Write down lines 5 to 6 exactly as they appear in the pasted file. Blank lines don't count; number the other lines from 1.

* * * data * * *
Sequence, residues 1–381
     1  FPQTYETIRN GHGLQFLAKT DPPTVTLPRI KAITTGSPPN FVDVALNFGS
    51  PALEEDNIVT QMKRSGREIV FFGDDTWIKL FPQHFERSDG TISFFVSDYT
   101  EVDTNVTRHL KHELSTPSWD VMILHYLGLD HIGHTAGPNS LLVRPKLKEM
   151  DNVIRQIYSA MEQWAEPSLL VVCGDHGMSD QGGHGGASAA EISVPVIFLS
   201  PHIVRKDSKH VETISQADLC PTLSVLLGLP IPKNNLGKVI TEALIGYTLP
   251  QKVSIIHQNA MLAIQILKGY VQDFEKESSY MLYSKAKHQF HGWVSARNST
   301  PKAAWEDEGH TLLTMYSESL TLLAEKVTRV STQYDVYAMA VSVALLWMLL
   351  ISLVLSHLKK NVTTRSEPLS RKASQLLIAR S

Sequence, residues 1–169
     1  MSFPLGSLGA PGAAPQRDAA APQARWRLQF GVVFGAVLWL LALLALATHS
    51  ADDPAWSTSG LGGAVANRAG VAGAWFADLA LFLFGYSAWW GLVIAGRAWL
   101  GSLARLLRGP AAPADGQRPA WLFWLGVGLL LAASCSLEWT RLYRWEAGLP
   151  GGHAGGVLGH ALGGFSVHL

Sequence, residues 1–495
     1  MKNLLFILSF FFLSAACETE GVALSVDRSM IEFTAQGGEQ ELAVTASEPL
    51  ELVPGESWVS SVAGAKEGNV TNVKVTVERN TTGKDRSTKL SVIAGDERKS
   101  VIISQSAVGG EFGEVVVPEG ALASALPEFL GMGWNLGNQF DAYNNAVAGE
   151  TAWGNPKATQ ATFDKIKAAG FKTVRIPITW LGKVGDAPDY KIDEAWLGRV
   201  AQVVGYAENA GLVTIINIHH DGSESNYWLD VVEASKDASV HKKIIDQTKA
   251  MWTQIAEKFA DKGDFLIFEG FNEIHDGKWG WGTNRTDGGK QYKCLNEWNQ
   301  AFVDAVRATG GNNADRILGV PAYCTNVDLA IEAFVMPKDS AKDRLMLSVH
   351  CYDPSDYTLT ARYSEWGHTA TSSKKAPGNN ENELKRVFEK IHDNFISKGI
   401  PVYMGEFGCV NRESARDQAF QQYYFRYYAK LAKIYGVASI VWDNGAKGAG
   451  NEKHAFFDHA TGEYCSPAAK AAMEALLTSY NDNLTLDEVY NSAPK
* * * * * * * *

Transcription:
   151  DNVIRQIYSA MEQWAEPSLL VVCGDHGMSD QGGHGGASAA EISVPVIFLS
   201  PHIVRKDSKH VETISQADLC PTLSVLLGLP IPKNNLGKVI TEALIGYTLP